Measures suggested include: extending and increasing social protection for all those without coverage or with inadequate coverage; providing emergency income support and temporary direct cash payments to all vulnerable households to ensure dignified living conditions; providing temporary relief from mortgage/rent payments, personal and household loans and tax payments; and ensuring tailored support for the most marginalised workers including women, migrant workers and refugees.

A third action shared by the ICC was to ensure support reaches MSMEs and their workers quickly.

“For many MSMEs and their workers, survival will depend on getting access to government support and information rapidly. Every day matters in preserving the viability of MSMEs.”

“It is critically important to provide immediate, reliable and up to date access to information as well as access to benefits and support to ensure that those that need assistance receive it in a timely manner.”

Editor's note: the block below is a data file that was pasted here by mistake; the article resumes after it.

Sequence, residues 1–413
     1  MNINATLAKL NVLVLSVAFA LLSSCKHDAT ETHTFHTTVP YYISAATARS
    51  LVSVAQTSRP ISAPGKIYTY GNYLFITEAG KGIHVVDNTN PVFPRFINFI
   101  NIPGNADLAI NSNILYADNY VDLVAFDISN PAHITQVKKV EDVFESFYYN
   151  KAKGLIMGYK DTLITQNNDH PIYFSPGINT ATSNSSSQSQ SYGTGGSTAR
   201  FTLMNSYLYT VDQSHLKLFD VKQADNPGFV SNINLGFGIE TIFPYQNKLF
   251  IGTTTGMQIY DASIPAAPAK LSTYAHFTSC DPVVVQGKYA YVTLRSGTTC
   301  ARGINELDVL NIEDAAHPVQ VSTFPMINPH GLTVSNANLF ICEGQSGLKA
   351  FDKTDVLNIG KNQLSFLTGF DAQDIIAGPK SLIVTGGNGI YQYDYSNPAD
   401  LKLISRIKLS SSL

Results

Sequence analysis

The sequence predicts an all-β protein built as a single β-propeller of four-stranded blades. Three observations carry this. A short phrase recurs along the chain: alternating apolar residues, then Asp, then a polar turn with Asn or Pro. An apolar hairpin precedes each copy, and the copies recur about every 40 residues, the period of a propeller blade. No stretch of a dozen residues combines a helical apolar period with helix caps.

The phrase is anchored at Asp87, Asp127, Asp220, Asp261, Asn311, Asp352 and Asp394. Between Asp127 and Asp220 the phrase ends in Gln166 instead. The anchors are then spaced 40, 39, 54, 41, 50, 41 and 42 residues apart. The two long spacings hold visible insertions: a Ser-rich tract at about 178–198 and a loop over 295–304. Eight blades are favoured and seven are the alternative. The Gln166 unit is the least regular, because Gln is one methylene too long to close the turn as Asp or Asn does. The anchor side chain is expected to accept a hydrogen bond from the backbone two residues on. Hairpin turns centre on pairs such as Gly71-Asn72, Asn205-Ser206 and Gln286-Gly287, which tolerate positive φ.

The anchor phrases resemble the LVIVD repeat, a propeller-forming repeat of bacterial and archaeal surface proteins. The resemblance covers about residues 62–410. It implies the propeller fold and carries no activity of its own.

“Governments can increase reception of information and support by delivering it through the channels most used by MSMEs and their workers, such as digital platforms, mobile phone payment tools, applications and mobile communication.”

“Business organisations, chambers of commerce, and other business stakeholder bodies can also serve as hubs for disseminating important information and aggregating critical needs and concerns to inform government action.”

The fourth action is to “adapt existing government-led social programmes”. The ICC highlighted that existing social protection schemes serve as an important secondary layer of social protection, and funding of government-led social programmes should be maintained and expanded wherever possible.

The ICC added that strengthening universal social protection systems will help ensure a meaningful economic recovery, increased resilience and rebuild trust.